The administration launched a range of data-collection activities, most notably an agricultural census, and produced a detailed socio-economic portrait of rural Bulgaria. A Directorate for Agro-statistics, now employing more than 100 people, was created within the Ministry of Agriculture. The data collected was used to draw up – and afterwards to further improve – a National Agriculture and Rural Development Plan (NARDP), which under EU procedures had to begin from a serious analysis of the starting position and current development trends.

The pre-accession process also required new institutions to be created, and old structures to be rationalised. Until 1998, there was no agency within the Bulgarian administration responsible for rural development – that is, for coordinating the range of measures required to promote development in rural areas, including – besides agricultural measures – infrastructure, educational policies and support for non-agricultural employment. One of the EU’s pre-accession funds – SAPARD – is designed to support measures of this kind.  To access SAPARD funds, Bulgaria created a Rural Development Directorate, which led the process of developing the NARDP, and a new agency to manage rural development programmes – the SAPARD Agency. Coordinating mechanisms were created to ensure the compatibility of rural development measures with Bulgaria’s overall development goals that were outlined in a comprehensive National Economic Development Plan (another requirement for EU pre-accession funding).  NGOs and producer associations were given a role in policy making, to meet EU rules on participatory processes.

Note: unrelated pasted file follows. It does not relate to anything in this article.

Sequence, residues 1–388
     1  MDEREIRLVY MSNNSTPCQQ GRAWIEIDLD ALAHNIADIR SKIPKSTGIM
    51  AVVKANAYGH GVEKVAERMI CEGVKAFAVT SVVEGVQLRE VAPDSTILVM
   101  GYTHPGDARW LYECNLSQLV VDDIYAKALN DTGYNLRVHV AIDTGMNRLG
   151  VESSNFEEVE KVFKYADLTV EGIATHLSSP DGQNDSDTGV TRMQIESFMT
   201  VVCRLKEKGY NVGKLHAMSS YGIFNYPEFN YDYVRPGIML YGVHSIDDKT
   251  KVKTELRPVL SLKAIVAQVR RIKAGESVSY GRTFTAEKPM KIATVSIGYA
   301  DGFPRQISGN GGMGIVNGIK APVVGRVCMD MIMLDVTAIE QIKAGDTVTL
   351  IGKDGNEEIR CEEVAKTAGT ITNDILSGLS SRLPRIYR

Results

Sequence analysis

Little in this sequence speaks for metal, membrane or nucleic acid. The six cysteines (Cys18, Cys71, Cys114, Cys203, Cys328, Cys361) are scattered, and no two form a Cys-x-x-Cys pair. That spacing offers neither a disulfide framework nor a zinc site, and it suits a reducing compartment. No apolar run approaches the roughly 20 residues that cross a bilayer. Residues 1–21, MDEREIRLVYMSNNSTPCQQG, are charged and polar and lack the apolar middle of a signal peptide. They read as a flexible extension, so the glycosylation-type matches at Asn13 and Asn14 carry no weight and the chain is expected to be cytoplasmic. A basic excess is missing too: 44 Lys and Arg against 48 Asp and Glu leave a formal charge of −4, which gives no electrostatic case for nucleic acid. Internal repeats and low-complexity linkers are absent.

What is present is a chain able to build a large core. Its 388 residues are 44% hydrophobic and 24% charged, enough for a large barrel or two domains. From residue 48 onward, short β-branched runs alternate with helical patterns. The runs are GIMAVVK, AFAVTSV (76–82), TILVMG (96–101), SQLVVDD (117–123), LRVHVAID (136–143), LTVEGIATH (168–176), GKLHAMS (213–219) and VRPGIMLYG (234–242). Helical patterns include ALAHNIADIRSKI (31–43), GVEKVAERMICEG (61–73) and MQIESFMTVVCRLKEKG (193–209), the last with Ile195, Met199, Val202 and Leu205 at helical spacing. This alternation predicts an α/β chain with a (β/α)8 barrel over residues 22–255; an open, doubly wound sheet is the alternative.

Under EU regulations, the SAPARD Agency manages pre-accession assistance to exacting standards of financial accountability, and follows EU rules on programme monitoring and performance evaluation. Building up this capacity was an ambitious undertaking which took several years to accomplish. The process was supported and monitored by the European Commission, which must confirm the licensing of the Agency before SAPARD funds are released. By 2006, the Agency employed some 1000 staff around the country. The SAPARD Agency now implements programmes in a range of areas, most importantly investments into farms, food-processing companies and non-agricultural businesses in rural areas.  Farmers and entrepreneurs can receive up to 50 percent of approved investments, with three quarters of the funding coming from the EU and the balance from national funds.

The requirement for matching funds from the national budget creates a strong incentive for pre-accession countries to mobilise their own resources. In order to shift resources into rural development – a new expenditure category – Bulgaria has had to improve its budget planning and public financial management.

While implementation of the SAPARD programme was slow in the first years, once institutional capacities have been built up, implementation has gained speed and Bulgaria expects to be able to use its full EC allocation of some €416 million for the period 2000-2006.